determining a plurality of communication dimensions required for interoperability among the plurality of chained services further comprises determining at least one reliability dimension.
10. A method for dynamically orchestrating the processes of a Web service application which uses a plurality of chained Web services, comprising the following computer-implemented steps:
determining a plurality of communication dimensions required for interoperability among the plurality of chained Web services;
determining the backup functionality required for each of the plurality of chained Web services;
creating a smart node for each of the plurality of Web services, the smart node comprising:
the communications dimensions required for interoperability among the plurality of chained Web services, and
the backup functionality required for interoperability among the plurality of chained Web services; and
executing the service application by dynamically configuring a plurality of smart nodes, such that:
each smart node dynamically selects at least one Web service endpoint, and
each selected Web service endpoint executes at least one process of the service application.
11. The method of claim 10, further comprising using at least one smart node to supply backup functionality for at least one Web service in the Web service application chain.
12. The method of claim 10, wherein:
the backup functionality is determined dynamically by identifying a first smart node;
selecting, by the first smart node, a desired smart node, such that the desired smart node is associated with a desired Web service;
determining from the desired smart node that the desired Web service is not available; and
selecting; by the first smart node; an alternate smart node, such that the alternate smart node is associated with an alternate Web service.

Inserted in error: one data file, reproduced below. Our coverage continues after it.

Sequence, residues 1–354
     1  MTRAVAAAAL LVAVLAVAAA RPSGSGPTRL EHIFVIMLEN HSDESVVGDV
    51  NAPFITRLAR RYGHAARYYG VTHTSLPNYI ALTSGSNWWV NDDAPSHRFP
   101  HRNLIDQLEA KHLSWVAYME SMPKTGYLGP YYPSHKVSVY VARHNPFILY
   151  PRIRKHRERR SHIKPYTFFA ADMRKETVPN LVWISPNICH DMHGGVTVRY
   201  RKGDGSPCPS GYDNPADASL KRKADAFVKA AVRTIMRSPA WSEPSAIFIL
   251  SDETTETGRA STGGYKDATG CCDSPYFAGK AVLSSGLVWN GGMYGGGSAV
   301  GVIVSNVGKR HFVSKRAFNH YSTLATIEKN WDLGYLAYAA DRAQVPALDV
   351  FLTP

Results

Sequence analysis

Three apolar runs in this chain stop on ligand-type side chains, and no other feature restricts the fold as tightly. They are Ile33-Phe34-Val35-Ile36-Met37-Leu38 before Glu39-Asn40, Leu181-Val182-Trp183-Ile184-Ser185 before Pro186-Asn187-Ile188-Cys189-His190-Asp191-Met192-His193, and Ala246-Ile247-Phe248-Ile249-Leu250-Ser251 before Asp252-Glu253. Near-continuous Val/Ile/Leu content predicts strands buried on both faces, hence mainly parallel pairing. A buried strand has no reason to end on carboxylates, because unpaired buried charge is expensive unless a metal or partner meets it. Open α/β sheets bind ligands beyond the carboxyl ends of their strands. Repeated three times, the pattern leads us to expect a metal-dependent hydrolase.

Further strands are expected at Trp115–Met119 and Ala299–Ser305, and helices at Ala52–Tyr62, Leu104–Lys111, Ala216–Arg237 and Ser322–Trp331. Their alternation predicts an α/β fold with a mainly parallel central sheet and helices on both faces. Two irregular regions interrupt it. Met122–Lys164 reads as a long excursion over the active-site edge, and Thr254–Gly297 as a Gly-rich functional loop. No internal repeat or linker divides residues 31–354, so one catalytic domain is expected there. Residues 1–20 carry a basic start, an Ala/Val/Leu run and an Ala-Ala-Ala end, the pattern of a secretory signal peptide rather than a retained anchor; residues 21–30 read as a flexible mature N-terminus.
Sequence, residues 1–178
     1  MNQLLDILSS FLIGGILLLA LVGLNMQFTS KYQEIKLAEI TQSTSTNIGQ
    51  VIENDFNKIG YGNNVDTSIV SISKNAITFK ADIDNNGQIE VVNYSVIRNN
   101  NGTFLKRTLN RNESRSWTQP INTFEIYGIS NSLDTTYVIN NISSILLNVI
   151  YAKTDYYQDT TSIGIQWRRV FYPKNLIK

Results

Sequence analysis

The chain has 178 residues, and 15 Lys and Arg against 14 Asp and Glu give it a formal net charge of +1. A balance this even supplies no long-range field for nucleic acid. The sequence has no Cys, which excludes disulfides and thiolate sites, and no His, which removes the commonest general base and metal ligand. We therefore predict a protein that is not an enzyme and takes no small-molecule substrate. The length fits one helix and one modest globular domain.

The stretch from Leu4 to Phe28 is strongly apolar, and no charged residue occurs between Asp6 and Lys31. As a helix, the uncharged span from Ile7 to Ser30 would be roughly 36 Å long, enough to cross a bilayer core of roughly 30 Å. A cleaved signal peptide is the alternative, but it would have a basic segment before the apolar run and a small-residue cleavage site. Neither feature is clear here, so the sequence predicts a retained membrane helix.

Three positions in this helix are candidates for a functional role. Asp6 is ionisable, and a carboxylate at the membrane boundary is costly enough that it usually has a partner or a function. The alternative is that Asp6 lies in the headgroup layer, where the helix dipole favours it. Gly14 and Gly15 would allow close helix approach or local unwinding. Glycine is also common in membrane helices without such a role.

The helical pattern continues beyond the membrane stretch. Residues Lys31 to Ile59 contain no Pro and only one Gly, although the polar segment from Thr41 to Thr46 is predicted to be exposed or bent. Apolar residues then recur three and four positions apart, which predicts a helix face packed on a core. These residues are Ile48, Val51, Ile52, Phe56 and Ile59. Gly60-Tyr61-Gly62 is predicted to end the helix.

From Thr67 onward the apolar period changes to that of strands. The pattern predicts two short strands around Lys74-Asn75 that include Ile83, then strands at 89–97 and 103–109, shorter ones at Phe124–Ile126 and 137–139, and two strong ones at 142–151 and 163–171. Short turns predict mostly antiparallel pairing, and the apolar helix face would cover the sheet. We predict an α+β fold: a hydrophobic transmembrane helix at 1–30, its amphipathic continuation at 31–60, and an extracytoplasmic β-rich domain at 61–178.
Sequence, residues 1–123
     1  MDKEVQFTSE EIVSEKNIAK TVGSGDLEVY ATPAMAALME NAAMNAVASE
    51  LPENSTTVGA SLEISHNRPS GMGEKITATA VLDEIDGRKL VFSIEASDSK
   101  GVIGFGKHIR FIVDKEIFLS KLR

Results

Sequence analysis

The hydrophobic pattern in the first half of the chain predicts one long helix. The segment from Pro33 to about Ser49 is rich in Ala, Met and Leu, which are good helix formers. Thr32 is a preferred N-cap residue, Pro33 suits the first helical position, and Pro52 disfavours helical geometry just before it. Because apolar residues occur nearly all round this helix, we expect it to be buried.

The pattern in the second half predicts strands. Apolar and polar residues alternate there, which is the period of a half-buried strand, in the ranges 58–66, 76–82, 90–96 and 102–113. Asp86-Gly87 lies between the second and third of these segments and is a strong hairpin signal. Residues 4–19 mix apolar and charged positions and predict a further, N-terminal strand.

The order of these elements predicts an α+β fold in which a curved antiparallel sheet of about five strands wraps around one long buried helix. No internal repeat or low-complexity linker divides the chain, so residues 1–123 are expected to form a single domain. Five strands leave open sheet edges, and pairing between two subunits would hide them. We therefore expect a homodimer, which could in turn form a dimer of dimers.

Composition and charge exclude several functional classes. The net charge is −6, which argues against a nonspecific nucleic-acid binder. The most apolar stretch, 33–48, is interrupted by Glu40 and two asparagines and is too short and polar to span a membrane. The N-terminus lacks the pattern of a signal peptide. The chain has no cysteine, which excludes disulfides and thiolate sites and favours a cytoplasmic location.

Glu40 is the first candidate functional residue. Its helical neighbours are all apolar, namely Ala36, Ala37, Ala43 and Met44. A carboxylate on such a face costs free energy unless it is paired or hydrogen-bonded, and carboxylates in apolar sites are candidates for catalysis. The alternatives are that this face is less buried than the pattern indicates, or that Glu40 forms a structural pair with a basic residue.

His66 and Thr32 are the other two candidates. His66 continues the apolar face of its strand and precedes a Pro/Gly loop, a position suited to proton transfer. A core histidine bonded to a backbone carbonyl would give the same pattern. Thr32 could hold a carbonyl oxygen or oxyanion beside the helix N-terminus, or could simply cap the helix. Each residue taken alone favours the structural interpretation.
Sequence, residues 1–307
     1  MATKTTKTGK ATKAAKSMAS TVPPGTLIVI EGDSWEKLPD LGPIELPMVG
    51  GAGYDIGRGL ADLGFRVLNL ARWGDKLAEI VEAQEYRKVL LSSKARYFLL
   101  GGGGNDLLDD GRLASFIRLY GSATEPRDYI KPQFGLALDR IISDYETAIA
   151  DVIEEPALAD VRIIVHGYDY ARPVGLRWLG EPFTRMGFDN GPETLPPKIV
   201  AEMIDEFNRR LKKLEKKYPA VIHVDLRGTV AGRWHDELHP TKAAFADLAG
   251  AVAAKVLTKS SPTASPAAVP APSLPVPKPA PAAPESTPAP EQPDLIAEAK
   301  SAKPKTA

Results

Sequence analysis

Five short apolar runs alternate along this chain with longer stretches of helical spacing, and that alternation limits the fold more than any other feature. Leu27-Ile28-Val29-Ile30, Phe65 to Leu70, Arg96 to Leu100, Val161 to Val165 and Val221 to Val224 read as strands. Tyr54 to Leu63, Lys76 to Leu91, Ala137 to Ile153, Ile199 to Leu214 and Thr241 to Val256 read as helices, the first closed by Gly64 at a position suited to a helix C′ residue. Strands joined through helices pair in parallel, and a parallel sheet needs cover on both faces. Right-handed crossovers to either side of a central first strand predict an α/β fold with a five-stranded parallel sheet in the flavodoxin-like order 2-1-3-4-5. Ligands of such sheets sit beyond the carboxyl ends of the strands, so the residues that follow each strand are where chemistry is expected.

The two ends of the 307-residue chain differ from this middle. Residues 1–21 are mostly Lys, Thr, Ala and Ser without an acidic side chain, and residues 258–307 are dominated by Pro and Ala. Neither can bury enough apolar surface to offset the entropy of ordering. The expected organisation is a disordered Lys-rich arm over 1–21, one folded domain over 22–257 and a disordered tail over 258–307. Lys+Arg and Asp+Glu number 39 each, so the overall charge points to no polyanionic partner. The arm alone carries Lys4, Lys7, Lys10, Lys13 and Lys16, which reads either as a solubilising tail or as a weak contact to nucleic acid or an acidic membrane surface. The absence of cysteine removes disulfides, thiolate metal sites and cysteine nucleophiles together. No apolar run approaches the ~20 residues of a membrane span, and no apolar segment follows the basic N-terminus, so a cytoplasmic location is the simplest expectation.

13. The method of claim 10, wherein:
the communications dimensions required for interoperability among the plurality of chained Web services further comprises:
determining at least one performance dimension.
14. The method of claim 10, wherein:
the communications dimensions required for interoperability among the plurality of chained Web services further comprises:
determining at least one interoperability dimension.
15. The method of claim 10, wherein:
the communications dimensions required for interoperability among the plurality of chained Web services further comprises:
determining at least one security features dimension.
16. The method of claim 10, wherein:
the communications dimensions required for interoperability among the plurality of chained Web services further comprises:
determining at least one management features dimension.
17. The method of claim 10, wherein:
determining a plurality of communication dimensions required for interoperability between the Web service and other Web services further comprises:
determining at least one routing information dimension.
18. The method of claim 10, wherein:
the communications dimensions required for interoperability among the plurality of chained Web services further comprises determining at least one reliability dimension.
19. The method of claim 10, further comprising:
identifying a first smart node;
selecting, by the first smart node, a desired smart node, such that the desired smart node is associated with a desired Web service;
determining from the desired smart node at a first time that the desired Web service is not available; and
placing data to the desired Web service in a queue until the desired Web service is available;
determining from the desired smart node at a second time that the desired Web service is available; and
releasing the queued data to the desired Web service.
20. A system comprising:
a computer-implemented Web service application, including a plurality of processes, which uses a plurality of chained Web services;
a plurality of servers, such that the plurality of servers may execute the plurality of chained Web services;
network communication between the plurality of servers;
a dynamic orchestrator configured to:
determine a plurality of communication dimensions required for interoperability among the plurality of chained Web services, and
determine the backup functionality required for each of the plurality of chained Web services;
a respective computer-implemented smart node for each of the plurality of Web services, each computer-implemented smart node comprising:
the communications dimensions required for interoperability among the plurality chained Web services, and
the backup functionality required for interoperability among the plurality of chained Web services; and